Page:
Rob Pickford Wales Big Lottery Fund Wales Committee member and Chair of the CAT2 programme committee said ‘This programme is helping Welsh communities to become stronger and more sustainable by assisting them to obtain and develop assets and improve where they live. By helping to transfer assets to enterprising organisations that actively involve and benefit the communities they serve, we are ultimately helping more people to benefit from their local community assets and also generating local income and employment.’

Big Lottery press release

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‘The Living Memory Project’ launched for memorials

A new project has been launched by the Government with the Commonwealth War Graves Commission (CWGC) to help rediscover war memorials, entitled the Living Memory Project. 

Commonwealth War Graves Commission (CWGC) writes:
Communities Secretary Greg Clark is launching ‘The Living Memory Project’, designed to remind people of the 300,000 war graves and memorials in the UK. Many of these memorials lie in forgotten corners of graveyards; the Living Memory initiative is designed to aid their rediscovery.

Communities Secretary Greg Clark said:  ‘This year, of course, we’ve continued to mark the First World War’s centenary with a focus on the battlefields of Northern France, Belgium and Turkey. But we should take time to remember the brave men buried and commemorated here in the UK too.  We owe our gratitude to those men, from across the Commonwealth as well as from the British Isles, who made the ultimate sacrifice during the First and Second World Wars.

‘Paying respects at the war graves of Belgium or France is a life-changing experience, but the final resting places and memorials of thousands of brave men can also be found, not far from your home, in 13,000 locations across the British Isles.  The Living Memory Project is a fitting way to pay tribute to that sacrifice and to learn about our shared history. I’d encourage people to get involved, and discover how they can pay their own tribute.’

The Living Memory Project, part-funded by the Government, is working with the Commonwealth War Graves Commission (CWGC) and thirty-six local groups around the country to create remembrance events at local war memorials.

Thirty-six groups will work with the CWGC to re-discover war graves, pay respect to the war dead, and share their research with the wider community. ‘We should make a positive decision to remember these brave people,’ said Mr Clark. ‘They may have died long before we were born, but they died that we could be free. Their sacrifice should inspire all of us.’

The initiative will continue long after this fortnight of activity, with all communities urged to remember these hidden war heroes annually – creating a thread of memory and shared history long into the future.

CWGC Director of External Relations, Colin Kerr, said:  ‘The Commonwealth War Graves Commission’s work overseas is well known, but here in the United Kingdom there is little awareness of the graves to be found in a staggering 13,000 locations, that commemorate over 300,000 Commonwealth dead of the two world wars.  We believe that this is wrong, and through the Living Memory Project aim to reconnect the British public to the commemorative heritage on their doorstep.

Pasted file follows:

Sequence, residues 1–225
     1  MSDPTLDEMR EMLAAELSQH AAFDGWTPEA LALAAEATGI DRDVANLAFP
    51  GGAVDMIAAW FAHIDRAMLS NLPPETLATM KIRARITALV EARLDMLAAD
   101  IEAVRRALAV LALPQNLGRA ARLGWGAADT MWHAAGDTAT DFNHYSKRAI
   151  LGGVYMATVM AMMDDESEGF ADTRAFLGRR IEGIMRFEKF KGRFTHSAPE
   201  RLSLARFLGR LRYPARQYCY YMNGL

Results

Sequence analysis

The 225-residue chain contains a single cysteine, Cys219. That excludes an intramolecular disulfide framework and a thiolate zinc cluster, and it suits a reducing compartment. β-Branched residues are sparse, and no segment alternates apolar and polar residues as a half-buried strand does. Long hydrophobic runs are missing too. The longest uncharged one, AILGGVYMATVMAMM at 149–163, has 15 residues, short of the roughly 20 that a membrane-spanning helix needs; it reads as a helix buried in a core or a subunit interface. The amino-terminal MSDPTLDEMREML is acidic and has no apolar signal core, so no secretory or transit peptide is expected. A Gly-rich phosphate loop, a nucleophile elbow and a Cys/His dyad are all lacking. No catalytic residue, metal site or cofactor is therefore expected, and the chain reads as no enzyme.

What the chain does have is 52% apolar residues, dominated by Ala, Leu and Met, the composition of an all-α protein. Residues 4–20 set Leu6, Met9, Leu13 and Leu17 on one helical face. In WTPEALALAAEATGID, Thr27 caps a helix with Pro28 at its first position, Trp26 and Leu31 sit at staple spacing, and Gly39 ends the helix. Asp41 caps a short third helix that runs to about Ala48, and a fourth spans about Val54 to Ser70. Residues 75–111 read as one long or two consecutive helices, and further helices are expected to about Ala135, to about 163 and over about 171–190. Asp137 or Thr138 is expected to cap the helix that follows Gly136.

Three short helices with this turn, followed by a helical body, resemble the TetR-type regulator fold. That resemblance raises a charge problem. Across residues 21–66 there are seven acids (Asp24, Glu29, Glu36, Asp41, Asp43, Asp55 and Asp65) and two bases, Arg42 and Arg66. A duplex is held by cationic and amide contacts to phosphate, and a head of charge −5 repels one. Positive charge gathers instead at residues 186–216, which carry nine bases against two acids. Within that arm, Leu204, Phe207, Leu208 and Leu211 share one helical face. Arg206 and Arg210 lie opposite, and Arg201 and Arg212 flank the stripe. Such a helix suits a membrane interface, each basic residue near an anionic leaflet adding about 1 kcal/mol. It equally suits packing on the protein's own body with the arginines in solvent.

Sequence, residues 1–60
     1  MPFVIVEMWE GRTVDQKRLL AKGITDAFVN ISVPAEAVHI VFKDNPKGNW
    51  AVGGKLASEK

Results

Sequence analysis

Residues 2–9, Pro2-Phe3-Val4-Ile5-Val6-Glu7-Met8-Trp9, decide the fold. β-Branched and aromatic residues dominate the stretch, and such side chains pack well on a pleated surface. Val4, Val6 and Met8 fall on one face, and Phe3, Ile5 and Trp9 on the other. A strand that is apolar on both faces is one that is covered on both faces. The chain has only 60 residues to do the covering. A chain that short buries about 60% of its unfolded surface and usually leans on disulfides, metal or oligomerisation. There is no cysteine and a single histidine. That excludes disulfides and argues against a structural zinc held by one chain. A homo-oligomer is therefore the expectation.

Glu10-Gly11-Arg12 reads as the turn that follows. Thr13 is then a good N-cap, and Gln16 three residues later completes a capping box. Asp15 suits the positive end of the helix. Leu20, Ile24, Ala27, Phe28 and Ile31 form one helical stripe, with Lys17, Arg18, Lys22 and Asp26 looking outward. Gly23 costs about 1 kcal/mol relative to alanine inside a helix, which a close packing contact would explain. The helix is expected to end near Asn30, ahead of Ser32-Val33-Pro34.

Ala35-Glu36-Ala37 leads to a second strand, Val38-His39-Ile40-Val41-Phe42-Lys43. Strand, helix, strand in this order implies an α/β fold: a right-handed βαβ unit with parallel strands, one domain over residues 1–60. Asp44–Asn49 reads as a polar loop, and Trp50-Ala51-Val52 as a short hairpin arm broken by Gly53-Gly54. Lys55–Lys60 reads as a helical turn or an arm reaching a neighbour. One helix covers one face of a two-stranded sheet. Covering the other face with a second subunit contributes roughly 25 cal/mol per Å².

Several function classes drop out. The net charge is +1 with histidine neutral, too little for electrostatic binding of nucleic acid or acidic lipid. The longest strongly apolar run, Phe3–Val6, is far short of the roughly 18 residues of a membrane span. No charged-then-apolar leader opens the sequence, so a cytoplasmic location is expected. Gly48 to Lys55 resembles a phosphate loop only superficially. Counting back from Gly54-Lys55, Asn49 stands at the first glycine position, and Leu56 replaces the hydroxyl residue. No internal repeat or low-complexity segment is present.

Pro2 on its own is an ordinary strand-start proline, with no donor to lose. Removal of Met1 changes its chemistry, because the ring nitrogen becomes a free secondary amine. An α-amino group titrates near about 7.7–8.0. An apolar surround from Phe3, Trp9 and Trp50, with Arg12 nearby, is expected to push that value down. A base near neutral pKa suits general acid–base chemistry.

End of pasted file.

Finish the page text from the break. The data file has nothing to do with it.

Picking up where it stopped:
‘With the support of DCLG, the Living Memory Pilot will encourage more people to discover and visit CWGC war grave sites in the British Isles, to remember the war dead in those places from the First and Second World Wars and to share and raise awareness of these 300,000 commemorations with their wider communities.  The aim is to roll the programme out nationwide in 2016 as part of the commemorations of the 100th anniversary of the Somme campaign.

The project has been devised in partnership with community engagement specialists, Big Ideas Company.  Chief Executive Virginia Crompton said: ‘We are proud to be contributing to such a meaningful project supporting people across the UK to discover their local war graves.’

View the press release and find out more

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NHSF appoints Alastair McCapra as Chair

The National Heritage Science Forum (NHSF) has appointed Alastair McCapra as the next Chair of its Board of Trustees, to succeed current Co-Chairs Nancy Bell and Professor May Cassar at the AGM on 16 December 2015. 

The NHSF writes:
Alastair is CEO of the Chartered Institute of Public Relations (CIPR). His previous experience is as CEO of the Landscape Institute, the professional body of landscape architects, and as CEO of the Institute of Conservation.

Alastair gave evidence to the House of Lords Select Committee inquiry into Science and Heritage in 2006 and convened the first stakeholder meeting to establish the National Heritage Science Strategy; he also championed the adoption of Building Information Modelling in landscape architecture between 2011 and 2013.  In 2014 the CIPR was the first professional body in the UK to hold a public debate on the ethics of wearable technology.

From 2013-15 Alastair served as a trustee of Wikimedia UK, the charity which promotes the development of Wikipedia and other open knowledge projects.  He is currently also a trustee of the International Rameau Ensemble.  He is a Fellow of the Society of Antiquaries of London, a Fellow of the Institution of Association Management, a member of the Association of Chief Executives of Voluntary Organisations (ACEVO) and a member of the Association for the Advancement of Artificial Intelligence.